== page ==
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Referendum deserves world support

Taiwan Journal

Story Type:Commentary;
Byline:Ernesto Hilario
        With hundreds of missiles ranged along mainland China's southern coast casting an ominous shadow over the lives of his 23 million fellow Taiwanese, President Chen Shui-bian, as their duly elected leader, is duty-bound to demand that Beijing dismantle them and renounce the use of military force against the Republic of China. And as the citizens of a democratic nation, it is important for the Taiwanese people to make their voices heard loud and clear across the Taiwan Strait--and around the world--emphasizing that Beijing must commit itself to settling differences with Taipei peacefully, through mutually respectful dialogue rather than brute force.

        Such is the purpose of the referendum to be held March 20 in tandem with the ROC presidential election.

        Beijing leaders, however, have launched a global PR blitz to warn off anyone from supporting the referendum. They claim that it is part of a conspiracy by a minority of Taiwanese "splittists" to change the status quo in the Taiwan Strait by seeking independence for Taiwan, as well as an election-campaign gambit on the part of Chen to win votes for a second term by fanning anti-Chinese sentiment.

        Beijing's pressure has succeeded in eliciting expressions of concern in Washington, Tokyo and Paris that the referendum is needlessly provocative and serves only to escalate cross-strait tensions. Such claims are entirely unfounded, however, and it would appear that Western leaders who have been persuaded to voice them are motivated more by the desire to placate China for the sake of their national interests rather than by any concern about standards of responsible conduct.

        Peace, after all, is indeed the primary objective of the referendum, which is intended to avert rather than provoke war. In fact, it is Beijing that has been escalating tensions by beefing up its military deployments on the other side of the strait, by refusing to negotiate with Taipei about cross-strait relations unless the latter first acknowledges that it is a local government under Beijing's sovereignty, and by doing all in its power to isolate Taiwan in the international community.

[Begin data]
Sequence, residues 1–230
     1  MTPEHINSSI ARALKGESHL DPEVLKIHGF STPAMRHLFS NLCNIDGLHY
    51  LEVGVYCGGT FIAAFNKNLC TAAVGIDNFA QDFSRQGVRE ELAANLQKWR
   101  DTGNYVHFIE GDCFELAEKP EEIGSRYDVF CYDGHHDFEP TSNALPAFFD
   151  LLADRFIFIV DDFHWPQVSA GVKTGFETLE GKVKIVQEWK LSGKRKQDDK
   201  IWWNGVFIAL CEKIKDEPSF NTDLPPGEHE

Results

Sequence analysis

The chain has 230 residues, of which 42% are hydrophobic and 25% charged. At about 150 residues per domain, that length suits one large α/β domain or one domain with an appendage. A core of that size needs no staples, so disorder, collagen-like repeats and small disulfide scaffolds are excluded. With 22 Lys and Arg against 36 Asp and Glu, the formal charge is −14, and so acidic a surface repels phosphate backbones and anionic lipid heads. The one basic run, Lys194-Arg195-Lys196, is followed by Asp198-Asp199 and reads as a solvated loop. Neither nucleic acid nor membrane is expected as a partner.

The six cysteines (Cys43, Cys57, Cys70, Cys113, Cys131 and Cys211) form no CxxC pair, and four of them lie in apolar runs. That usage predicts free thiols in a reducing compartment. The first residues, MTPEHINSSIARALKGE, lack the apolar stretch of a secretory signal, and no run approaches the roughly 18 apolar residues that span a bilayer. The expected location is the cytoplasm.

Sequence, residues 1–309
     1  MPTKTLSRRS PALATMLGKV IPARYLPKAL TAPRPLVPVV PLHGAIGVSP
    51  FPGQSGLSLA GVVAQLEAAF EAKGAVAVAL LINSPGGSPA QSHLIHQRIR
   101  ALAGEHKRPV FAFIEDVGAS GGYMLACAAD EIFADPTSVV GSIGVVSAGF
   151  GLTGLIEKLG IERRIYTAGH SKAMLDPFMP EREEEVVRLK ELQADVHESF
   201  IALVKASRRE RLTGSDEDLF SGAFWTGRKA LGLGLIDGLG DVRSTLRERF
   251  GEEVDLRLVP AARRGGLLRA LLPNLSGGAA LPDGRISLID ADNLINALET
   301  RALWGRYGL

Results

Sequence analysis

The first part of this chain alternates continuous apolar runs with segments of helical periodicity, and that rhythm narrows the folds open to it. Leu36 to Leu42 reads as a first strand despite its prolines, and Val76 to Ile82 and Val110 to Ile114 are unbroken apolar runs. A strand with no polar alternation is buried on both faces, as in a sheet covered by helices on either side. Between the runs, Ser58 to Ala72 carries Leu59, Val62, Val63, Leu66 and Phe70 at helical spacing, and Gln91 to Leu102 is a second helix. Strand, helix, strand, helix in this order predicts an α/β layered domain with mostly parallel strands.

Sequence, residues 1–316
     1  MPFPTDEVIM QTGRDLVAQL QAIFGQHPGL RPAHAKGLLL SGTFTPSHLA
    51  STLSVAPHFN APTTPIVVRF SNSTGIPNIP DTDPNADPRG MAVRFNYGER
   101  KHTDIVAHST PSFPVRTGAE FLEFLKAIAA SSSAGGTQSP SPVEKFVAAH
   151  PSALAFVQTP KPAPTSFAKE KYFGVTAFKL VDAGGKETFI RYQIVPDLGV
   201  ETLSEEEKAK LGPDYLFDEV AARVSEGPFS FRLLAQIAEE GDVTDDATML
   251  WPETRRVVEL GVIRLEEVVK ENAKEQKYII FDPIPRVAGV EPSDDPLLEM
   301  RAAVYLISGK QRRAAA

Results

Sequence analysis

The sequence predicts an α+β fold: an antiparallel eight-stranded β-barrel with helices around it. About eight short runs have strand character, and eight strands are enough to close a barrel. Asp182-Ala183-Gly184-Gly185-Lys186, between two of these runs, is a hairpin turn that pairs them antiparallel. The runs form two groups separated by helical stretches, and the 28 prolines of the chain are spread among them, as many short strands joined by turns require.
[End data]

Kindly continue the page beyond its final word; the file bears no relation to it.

Peace is not the only objective of the referendum, however. It is also a demonstration by the 23 million Taiwanese of their right to exist and determine their own future free from fear and to consolidate democracy by finally, for the first time in the history of the Republic of China, exercising the right of referendum enshrined in the ROC Constitution promulgated in 1947--two years before the People's Republic of China came into being. This civil right is also fundamental to the "Three Principles of the People," formulated by ROC founding father Sun Yat-sen, who worked tirelessly to realize the ideal of power to the people.

        As for worries that the Chen administration is seeking to change the cross-strait status quo, the March referendum will not violate the "Five No's" policy spelled out in Chen's May 2000 inauguration speech: "As long as the Chinese Communist Party regime has no intention to use military force against Taiwan, I pledge that during my term in office, I will not declare independence, I will not change the national title [the Republic of China], I will not push for the inclusion of the so-called 'state-to-state' description in the Constitution, and I will not promote a referendum to change the status quo in regard to the question of independence or unification. Furthermore, there is no question of abolishing the Guidelines for National Unification and the National Unification Council." What Chen did not say in the same breath, but has subsequently reiterated over and over again is that there is no need for Taiwan to declare independence since Taiwan is the Republic of China, which has in fact long been a sovereign, independent nation and has never belonged to the People's Republic of China. He has also stressed that he is open to discussing the topic of unification, though not willing to concede that Taiwan is presently a province of the PRC. It is Beijing's unrelenting demand for such a concession as the precondition for talks that is the source of the tension in the Taiwan Strait.

        More than anything else, the 23 million Taiwanese want to live in peace, free from military threats. Beijing leaders have stated that they respect Taiwan's democratization process and wish to promote the welfare of the people of Taiwan. If so, they should back up their words with deeds, and should welcome the Taiwanese people's expression of their views through direct democracy.

        The Chen administration has launched a diplomatic offensive to explain to the international community that holding of the referendum is meant to prepare the ground for resolving cross-strait differences through dialogue, lay the foundation for lasting peace in the region, and promote the cause of democracy and human dignity. None of these goals are achievable so long as the world looks on mutely as Beijing refuses to negotiate directly with Taipei as an equal but only escalates its military threat. Therefore, the international community should fully support Taiwan's pursuit of long-lasting peace through such means as the March referendum.

         --Ernesto Hilario is a free-lance writer based in Metro Manila, the Philippines.


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